Towards a Quaker Theology

I love my Quaker tradition. Most of all, I love our mysticism—how a direct experience of God is more important to us than ‘notions’ about God.

Yet, I worry that we have given up too much by giving up on theology.

I was bothered by this a great deal as we argued about homosexuality in Kenya, at the World Conference. Evangelical  Friends have a very clearly constructed idea of why homosexuality is wrong, and this idea is closely tied to their theology. The Bible is the inspired Word of God; we are meant to read the Bible for the “plain meaning” of the words; Paul says “man should not lie with man as he lies with woman; it is an abomination;” homosexuality is an abomination. Q.E.D.

In response to this, liberal Friends would typically say, “You’re wrong!” and offer an argument from experience.

I am extremely sympathetic to an argument from experience. After all, that’s how I personally came to believe that homosexual relationships are equally blessed by God. When the argument from experience is the only argument we use, though, I have the distinct feeling that we come across as unconvincing—and worse, rather arrogant.

From the perspective of an Evangelical Friend, this is saying that we are putting our own opinion above the revealed Word of God. Changing our perspective and looking at this in a context of race relations rather than theology, this might be taken as saying, “I'm a well-educated white person, and you, a less well-educated black person, are wrong because I say so.”

And honestly? Without a clear theology of what the Inward Light actually is, without an alternative Biblical hermeneutic on offer, without some kind of framework in which to place our religious experiences, I don't think we can effectively argue against that perception.

I read a lot of religious bloggers from different traditions than my own. Particularly, I love reading religious bloggers who are more conservative than I. It makes me think, widens my perspective, and exposes me to some very intellectually impressive scholarship. All that to say, I really enjoyed this post from Roger E. Olson (excerpted below), “What I admire about Calvinists.” (Olson himself is an Arminian.)

“I admire how MOST evangelical Calvinist churches teach theology/doctrine and how to integrate that into everyday spirituality and ordinary life. That kind of integration of theology/doctrine with practice is too rare in non-Calvinist churches . . . They [non-Calvinists] have picked up pieces of this and that (theologies) and pasted them together in ways that seem good to them without any real reflection on the outcome . . . They [Calvinists] always seem to have a ready answer to questions about practical matters such as preaching, praying, worshiping, witnessing, etc., and how those are affected by their Calvinism. . . .”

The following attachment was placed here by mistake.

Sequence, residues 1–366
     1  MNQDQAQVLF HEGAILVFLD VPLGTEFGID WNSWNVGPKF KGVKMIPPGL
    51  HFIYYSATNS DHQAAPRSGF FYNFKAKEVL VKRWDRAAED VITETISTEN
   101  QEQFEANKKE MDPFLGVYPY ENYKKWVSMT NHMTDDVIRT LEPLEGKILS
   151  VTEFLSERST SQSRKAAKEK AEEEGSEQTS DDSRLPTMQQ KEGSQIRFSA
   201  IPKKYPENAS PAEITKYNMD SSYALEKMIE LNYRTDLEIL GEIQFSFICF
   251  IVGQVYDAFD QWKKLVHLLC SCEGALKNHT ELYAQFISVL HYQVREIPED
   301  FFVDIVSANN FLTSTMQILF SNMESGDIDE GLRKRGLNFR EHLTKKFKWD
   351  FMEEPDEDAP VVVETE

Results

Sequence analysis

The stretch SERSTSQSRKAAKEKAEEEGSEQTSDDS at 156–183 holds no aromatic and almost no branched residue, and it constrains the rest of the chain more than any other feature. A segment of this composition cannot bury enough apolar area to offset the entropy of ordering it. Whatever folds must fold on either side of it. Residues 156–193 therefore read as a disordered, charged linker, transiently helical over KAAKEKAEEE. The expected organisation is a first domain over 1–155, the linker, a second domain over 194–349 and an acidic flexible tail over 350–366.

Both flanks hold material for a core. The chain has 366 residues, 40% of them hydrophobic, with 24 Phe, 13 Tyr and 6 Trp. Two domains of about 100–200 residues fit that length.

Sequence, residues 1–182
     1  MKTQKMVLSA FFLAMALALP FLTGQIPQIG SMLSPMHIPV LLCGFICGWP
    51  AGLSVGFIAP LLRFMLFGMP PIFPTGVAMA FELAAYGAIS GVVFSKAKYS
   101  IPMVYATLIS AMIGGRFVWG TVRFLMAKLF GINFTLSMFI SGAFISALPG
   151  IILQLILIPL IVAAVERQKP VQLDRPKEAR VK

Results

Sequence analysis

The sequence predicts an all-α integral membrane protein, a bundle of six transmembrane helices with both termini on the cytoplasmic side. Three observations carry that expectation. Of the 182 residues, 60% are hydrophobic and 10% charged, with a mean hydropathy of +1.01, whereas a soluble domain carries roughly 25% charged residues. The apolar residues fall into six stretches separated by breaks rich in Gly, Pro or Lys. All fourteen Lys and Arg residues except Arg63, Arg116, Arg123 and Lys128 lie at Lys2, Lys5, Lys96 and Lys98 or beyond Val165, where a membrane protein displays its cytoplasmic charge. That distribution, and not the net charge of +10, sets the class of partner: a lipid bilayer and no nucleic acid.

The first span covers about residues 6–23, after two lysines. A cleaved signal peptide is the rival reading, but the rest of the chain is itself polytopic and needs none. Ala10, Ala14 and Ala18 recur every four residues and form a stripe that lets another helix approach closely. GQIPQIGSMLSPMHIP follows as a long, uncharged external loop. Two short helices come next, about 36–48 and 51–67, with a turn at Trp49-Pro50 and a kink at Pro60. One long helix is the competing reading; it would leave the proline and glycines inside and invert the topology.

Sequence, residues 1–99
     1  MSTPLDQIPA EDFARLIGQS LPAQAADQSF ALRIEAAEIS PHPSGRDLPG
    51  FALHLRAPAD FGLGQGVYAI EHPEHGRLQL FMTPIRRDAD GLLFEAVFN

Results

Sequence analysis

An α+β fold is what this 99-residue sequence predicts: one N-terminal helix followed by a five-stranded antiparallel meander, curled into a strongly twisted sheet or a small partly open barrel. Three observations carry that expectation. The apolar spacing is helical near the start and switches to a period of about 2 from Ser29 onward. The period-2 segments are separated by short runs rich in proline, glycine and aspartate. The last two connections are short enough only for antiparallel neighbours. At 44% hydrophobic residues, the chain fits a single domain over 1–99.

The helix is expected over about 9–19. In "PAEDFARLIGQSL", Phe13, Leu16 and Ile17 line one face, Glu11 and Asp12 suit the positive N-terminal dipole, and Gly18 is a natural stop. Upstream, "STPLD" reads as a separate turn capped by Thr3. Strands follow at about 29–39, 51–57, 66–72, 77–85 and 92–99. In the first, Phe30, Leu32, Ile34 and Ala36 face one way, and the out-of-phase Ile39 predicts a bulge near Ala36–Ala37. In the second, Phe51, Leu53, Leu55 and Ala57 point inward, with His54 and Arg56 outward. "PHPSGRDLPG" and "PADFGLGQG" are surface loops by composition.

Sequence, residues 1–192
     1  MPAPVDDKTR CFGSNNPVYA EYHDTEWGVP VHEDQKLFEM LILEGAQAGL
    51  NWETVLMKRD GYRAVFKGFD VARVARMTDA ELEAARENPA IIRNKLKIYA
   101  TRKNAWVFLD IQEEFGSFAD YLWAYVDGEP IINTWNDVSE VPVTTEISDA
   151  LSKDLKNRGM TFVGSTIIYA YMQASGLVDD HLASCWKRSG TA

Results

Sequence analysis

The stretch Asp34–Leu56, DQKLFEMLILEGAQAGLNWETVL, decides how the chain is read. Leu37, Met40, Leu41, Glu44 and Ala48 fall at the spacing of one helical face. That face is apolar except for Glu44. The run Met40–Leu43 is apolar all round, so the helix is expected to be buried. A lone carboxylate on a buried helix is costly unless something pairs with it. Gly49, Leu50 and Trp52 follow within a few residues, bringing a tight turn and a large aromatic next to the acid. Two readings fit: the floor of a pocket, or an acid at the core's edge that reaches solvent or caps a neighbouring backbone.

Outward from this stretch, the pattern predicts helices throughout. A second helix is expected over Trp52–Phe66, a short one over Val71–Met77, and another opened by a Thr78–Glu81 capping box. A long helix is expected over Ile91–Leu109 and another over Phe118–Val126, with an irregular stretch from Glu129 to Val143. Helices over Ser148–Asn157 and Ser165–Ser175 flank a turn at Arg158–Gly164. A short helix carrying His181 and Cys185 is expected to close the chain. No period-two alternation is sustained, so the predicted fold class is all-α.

In the same way, Quakers need to be able to articulate our answers to practical questions such as how to discern whether or not to speak in unprogrammed Meeting for Worship, how to discern whether someone else was truly led during worship or whether they outran their guide (and how to deal with it if they did), how to lift up and nurture ministers, how to support leadings, what we mean when we talk about “holding someone in the light” (is that intercessory prayer?), how to defend same gender marriages, what support and advice to offer people going through difficult times (“my daughter is dying—where is God in this?”), and how those practices and beliefs are grounded in our Quakerism.

Personally, as a liberal Quaker and as a Christian (in my heart I'm a Conservative Friend in a liberal Yearly Meeting), my response to the homosexuality debate is roughly as follows: The Bible is not the Word of God; Christ, who is the Word of God, taught us that to love God and love our neighbor is the first commandment, on which hang all the other laws; we must always interpret the Bible by that commandment; if a verse in the Bible cannot be reconciled with the Love of Christ (which we experience internally as the Inward Light) then between the verse and Christ we must pick Christ.

I'm not saying that liberal Quakers everywhere must become Christian. What I am saying is that unless we engage more deeply in our traditions, and in some serious religious thought, we risk becoming unable to communicate with other faith traditions, with the religious seekers we want so much to welcome, and even with those who think differently in the wider family of Friends. We weaken our ability to be truly Quaker.


  1. Interesting link to the quote about Calvinism. I like religious movements where the faith and practice link together into a unified whole--there's a sort of elegance to them. Lloyd Lee Wilson described our version of it the "Quaker Gestalt."

    I came to Quakers as a spiritual-but-not-religious peace activist who sensed there was more to their social witness than anything I myself could articulate. When we focus too much on one side of the faith vs practice balance we risk dogmatism and in-groupism. I'm glad to see you trying to bridge them again.

    1. I honestly hadn't thought of it in terms of a faith vs. practice balance, but now that you said it, I can tilt my metaphorical head a little and see it that way, too. Thank you for that!

  2. I wonder if you're familiar with the work of Ben Pink Dandelion? The Liturgies of Quakerism may especially interest. http://www.quakerbooks.org/BenPink-Dandelion. I'm especially appreciative of your discernment of the risk of seeming (or indeed being) arrogant...

    1. The only Ben Pink Dandelion I've read is "The Quakers- A Very Short Introduction," as it was in our 'gift bag' for FWCC gathering 2012. Speaking of arrogance, I must admit I have been turned off because his name is . . . Ben Pink Dandelion. I need to get over myself.

      I just looked up the book on liturgies, and it does indeed look excellent. My reading list just got longer . . .